Youngsters should be left to enjoy learning rather than feeling they are under the microscope.
IT was parents’ evening at my daughter’s school recently. I went along expecting to find out how she is doing, what she is enjoying and where her strengths and weaknesses lie.
I came out absolutely none the wiser about how Lizzie is finding Year Five. The teacher spent almost the entire 15 minutes telling me about the new assessment system the school was putting into place.
Since the Government decided to abolish the dreaded attainment levels – “3a, 3b” etc – to describe what your child has achieved, primary schools have been free to choose a method of assessment they prefer for their pupils.
Lizzie’s school has gone for the Sheffield Stat, a system devised and used across at least 50 schools in Sheffield and South Yorkshire.
Its aims are laudable; from a layman’s point of view at least, it seems to concentrate on assessing a series of objectives which children have to master before they can move on to the next stage of work, rather than relying on a judgmental test score as SATs did.
Personally, I wish that children at primary level didn’t have to be tested at all. It’s too much pressure. And I wonder just how much time is wasted on it, because once they reach secondary level, they are assessed all over again.
If my teenage son’s academy is anything to go by, this is an ongoing and interventionist process – I’m pleased that since he landed there two years ago in a very shaky state, he has moved up in ability groups.
For me, testing at primary school has always been more about how the school is doing, rather than what my child is achieving in black and white.
I appreciate that it is important to have a method of measuring and marking the progress of pupils, but surely it is more important for every child to be treated as an individual. And I mean a proper individual, with a personality and everything, not a dot on a graph.
At this parents’ evening, I didn’t even see any of Lizzie’s work. Didn’t get chance to look at her writing books or hear first-hand about how engaged she has become in this term’s topic, dinosaurs. What she can’t tell you about dinosaur DNA isn’t worth knowing. Where though was the passion and interest she shows at home?
The over-riding impression I came away with was that all the children in her class were generally not up to scratch and must work harder and faster. This can easily be translated into, “the children are not working to fit the criteria it says here on the new rubric, so therefore must be forced into that direction”. No wonder Lizzie comes home from school crying some days.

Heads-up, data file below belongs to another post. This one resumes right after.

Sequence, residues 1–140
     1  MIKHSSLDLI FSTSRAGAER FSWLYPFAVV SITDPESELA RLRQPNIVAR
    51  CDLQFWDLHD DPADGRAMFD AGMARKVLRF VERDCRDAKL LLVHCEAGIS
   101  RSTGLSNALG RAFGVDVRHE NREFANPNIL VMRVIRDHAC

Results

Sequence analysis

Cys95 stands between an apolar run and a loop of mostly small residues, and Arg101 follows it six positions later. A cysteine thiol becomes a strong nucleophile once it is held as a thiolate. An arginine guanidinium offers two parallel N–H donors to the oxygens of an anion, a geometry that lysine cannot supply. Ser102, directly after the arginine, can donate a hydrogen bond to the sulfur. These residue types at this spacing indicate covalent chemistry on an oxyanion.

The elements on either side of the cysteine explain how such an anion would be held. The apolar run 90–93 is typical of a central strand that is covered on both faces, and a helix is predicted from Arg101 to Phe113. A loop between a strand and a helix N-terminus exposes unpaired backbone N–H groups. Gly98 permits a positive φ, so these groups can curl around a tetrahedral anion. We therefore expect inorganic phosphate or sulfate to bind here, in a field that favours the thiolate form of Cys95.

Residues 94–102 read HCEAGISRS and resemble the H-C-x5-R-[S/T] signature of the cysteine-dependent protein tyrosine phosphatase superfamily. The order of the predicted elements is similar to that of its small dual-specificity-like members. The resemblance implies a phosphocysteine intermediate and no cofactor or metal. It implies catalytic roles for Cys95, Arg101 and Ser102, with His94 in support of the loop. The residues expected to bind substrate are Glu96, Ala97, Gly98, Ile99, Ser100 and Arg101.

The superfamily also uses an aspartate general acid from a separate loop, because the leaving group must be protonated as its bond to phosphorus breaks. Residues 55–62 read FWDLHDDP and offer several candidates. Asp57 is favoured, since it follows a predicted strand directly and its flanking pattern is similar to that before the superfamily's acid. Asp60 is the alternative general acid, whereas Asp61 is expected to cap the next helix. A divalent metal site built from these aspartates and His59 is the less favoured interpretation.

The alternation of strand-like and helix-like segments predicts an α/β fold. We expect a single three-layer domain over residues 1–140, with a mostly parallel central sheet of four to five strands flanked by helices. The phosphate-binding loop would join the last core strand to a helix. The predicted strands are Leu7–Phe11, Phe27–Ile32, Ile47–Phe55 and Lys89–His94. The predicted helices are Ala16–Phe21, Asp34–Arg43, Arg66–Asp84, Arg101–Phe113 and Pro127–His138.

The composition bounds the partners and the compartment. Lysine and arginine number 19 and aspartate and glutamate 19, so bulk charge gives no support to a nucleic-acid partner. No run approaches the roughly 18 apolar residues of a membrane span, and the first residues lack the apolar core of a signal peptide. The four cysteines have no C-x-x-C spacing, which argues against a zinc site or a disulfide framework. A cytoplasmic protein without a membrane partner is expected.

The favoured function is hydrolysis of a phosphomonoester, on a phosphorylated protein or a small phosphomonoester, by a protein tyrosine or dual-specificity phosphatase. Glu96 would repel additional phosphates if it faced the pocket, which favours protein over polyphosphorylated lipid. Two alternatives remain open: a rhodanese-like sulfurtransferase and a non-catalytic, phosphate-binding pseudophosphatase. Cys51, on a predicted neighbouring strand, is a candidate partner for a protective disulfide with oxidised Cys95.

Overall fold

I am sure if you’re a teacher, assessment is a really interesting issue. A word to the wise though, parents are selfish. All they really care about is their own child.
That’s why my heart sank when I heard the news that the Education Secretary, Nicky Morgan, is thinking of bringing back “robust and rigorous” national testing for seven-year-olds.
If this is her way of making her mark in the post vacated by Michael “Gradgrind” Gove, I would like her to stop for a minute and think about the damage she is about to inflict
And this is not just the impact on the children, who will be completely confused. I’m thinking also about the teachers, the school management teams, and not least, the parents, who have to pick up the pieces when their sons and daughters are distraught.
Mrs Morgan says that when her own son went through his Key Stage One tests he didn’t even know he had taken them until afterwards. Well, all I can say is that her son must go to a different kind of school from every other child I know.
When my son took his, and later, when he took his Year Six SATs, he was traumatised by the experience. I quickly learnt a defence mechanism with other parents, who would find a way to brag about their own child’s shining 5a at any opportunity.
It wasn’t nice, and it dented Jack’s academic confidence for years. Mrs Morgan says it is up to parents and teachers to manage the pressure on children should national testing be re-introduced.
Great. Just what we need. It’s bad enough contemplating this from a parental point of view. If I was a teacher though, I would be punching the wall in frustration.
Does Mrs Morgan really want to upset all the hard and painstaking work primary schools across the nation have each put in to instigate an alternative method of assessment?
Is that what she wants her tenure at the Department of Education to be remembered for? Yet more confusion, more stressed-out teachers leaving the profession in utter dismay, and more children coming home from school crying?
She needs to concentrate her efforts on securing the funding to send those 1,500 top-flight teachers she promises to lift standards in the schools which desperately need it. And leave our Lizzie and her classmates to enjoy learning without feeling that it is they, and not the dinosaurs, who are under the microscope.